Hosea. Hosea reflects the 8th century rise of Assyria, and the text depicts Israel's conflicts with that kingdom (p. 3-4). Sweeney 
writes that although Hosea is by Rabbinic tradition called the oldest of the twelve, Amos mentions Jeroboam and Uzziah and Hosea mentions the chronologically later Ahaz and Hezekiah (p. 3). Also Amos writes during the rise of Assyria before it had definitely threatened the northern kingdom. But still, he writes, “Hosea seems to be particularly well suited for its position at the head of the Twelve on thematic grounds. It employs the metaphor of Hosea’s marriage to Gomer and the birth of their children as a metaphor for YHWH’s relationship with Israel” (p. 3). That is, as Gomer is divorced because of harlotry, so the Lord condemns Israel for abandoning its covenant with God---Israel’s figurative “adultery.” But Hosea takes his wife back, and the Lord also restores Israel following punishment from gentile nations. Sweeney notes that the Lord’s disdain for divorce in Malachi connects back to Hosea (p. 3). 
Frieze of  Prophets, Zephaniah, Joel, Obadiah, and Hosea,
by John Singer Sargent, Boston Public Library, bpl.org.

Joel. The book has no definite references to its historical circumstance, and the threatened “Day of the Lord” seem to refer to natural calamities. But, “[w]ithin the MT version of the Book of the Twelve, Joel presents the paradigm for Jerusalem’s punishment and restoration as a fundamental question to be addressed within the Twelve as a whole” (p. 149).

Amos. The theme of locusts connects Amos and the previous book Joel (Joel 1-2, Amos 7:1-3), as does the theme of the restoration of fertility and agricultural prosperity (Joel 3:18, Amos 9:11-15). Amos also connects to the subsequent book, Obadiah, in the need for Edom to be pushed (Amos 1:11-13, 9:12). Furthermore, Joel, Amos, and Obadiah are connected because of the theme of the day of the Lord (Joel 1:15, Amos 5:18-20, Obadiah 15). In the LXX order of the books, Amos connects with Hosea in identifying the Beth El sancturary as a specific problem of God’s anger depicted in Hosea, and then Amos connects to Micah in their mutual depiction of God’s punishment and restoration (p. 191). Also, Hosea, Amos, and Micah are all the 8th century prophets among the Twelve (pp. 191-192).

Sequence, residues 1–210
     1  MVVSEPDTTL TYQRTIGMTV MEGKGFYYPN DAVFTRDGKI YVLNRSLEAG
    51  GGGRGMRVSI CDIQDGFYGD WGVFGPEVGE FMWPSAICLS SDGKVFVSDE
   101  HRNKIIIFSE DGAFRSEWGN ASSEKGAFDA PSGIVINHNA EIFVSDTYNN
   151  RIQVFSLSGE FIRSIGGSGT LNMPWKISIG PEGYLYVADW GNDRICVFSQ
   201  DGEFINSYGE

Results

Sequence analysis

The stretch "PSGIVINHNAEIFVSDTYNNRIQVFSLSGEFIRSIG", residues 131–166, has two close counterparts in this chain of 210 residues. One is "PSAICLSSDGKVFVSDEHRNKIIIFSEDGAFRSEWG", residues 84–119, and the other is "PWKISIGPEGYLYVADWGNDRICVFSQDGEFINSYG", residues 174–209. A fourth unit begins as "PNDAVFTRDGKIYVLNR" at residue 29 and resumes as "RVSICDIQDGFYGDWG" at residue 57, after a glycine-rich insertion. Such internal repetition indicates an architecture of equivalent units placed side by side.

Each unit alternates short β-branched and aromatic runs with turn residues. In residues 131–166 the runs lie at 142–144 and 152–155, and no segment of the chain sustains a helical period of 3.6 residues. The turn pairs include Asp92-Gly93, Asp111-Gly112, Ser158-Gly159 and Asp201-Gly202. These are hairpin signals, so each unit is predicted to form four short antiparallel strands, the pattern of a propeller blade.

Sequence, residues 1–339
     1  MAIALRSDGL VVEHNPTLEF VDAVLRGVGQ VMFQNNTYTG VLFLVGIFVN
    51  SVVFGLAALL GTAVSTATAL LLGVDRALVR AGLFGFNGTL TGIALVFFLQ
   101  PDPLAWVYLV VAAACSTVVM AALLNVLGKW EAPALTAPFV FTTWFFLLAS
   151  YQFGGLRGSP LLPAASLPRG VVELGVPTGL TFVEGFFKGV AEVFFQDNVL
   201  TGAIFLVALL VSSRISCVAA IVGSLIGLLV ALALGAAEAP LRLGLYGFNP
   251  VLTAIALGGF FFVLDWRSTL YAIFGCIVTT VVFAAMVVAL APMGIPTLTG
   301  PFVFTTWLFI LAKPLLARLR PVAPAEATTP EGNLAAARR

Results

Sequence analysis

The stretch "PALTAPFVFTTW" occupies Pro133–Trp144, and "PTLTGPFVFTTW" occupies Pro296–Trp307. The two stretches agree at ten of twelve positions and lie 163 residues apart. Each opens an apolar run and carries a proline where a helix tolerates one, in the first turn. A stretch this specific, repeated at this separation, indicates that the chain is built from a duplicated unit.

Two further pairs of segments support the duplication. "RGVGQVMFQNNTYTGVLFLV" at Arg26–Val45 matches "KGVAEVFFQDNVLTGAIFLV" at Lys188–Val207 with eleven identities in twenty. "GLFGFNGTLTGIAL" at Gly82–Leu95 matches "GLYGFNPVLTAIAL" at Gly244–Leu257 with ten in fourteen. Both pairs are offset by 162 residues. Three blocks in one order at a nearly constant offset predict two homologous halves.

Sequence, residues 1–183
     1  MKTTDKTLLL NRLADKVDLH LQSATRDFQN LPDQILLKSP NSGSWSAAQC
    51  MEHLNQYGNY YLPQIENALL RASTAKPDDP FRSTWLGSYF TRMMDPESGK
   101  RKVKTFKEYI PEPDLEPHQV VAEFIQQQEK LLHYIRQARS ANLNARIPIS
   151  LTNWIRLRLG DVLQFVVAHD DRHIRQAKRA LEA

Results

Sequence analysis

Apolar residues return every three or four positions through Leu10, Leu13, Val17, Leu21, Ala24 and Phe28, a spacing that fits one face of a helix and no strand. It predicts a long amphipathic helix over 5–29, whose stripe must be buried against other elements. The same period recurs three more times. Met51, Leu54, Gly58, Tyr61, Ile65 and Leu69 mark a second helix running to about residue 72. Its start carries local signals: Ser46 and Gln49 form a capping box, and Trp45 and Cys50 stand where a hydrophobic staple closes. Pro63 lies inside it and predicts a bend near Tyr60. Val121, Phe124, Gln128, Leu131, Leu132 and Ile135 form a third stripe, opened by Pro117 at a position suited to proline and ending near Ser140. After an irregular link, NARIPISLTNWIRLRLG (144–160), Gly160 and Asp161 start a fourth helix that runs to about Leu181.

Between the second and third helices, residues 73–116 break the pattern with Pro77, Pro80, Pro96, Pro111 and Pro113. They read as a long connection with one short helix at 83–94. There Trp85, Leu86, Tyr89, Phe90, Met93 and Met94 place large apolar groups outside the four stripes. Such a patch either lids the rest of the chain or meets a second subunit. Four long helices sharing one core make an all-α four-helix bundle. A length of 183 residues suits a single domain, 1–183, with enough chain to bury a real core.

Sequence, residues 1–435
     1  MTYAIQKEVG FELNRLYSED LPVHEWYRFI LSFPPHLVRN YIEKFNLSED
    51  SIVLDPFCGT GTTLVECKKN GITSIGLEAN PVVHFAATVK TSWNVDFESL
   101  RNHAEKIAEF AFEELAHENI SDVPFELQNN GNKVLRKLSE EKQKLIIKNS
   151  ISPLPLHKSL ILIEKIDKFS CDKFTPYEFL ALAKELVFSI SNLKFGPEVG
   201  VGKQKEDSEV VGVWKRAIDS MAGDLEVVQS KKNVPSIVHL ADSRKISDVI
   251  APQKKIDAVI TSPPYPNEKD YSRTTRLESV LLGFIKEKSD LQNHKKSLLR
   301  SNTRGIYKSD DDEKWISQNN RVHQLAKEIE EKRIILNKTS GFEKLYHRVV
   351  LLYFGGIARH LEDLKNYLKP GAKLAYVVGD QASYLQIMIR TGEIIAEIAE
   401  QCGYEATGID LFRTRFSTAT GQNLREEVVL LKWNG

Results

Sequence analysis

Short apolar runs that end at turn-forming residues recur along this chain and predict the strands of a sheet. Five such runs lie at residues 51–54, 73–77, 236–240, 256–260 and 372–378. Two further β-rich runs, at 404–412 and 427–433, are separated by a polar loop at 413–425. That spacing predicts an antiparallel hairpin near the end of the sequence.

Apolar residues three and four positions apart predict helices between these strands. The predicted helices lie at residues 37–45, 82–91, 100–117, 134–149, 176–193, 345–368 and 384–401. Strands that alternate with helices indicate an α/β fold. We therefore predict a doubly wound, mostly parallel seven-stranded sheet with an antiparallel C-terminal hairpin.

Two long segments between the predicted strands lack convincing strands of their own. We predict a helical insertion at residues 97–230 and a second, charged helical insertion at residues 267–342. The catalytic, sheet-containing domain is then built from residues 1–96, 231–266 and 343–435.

Obadiah. This short book has in common with Amos the restoration of the Davidic kingdom, as well as the theme of the day of the Lord (p. 279).

Jonah. This book depicts God’s mercy toward Nineveh of Assyria, thus connecting to the mercy God shows in restoring Israel and Judah as depicted in the next book, Micah. Jonah balances Obadiah’s prophecies against Edom, but it also contracts with the book after Micah, Nahum, which shows the punishment of God toward the ultimately unrepentant Assyrians (p. 305). Jonah also addresses the question of God’s mercy and trustworthiness following the Babylonia exile, for the themes of creation and the Exodus are brought in, functioning to tie together earlier scriptures about God’s power and faithfulness (pp. 306-307).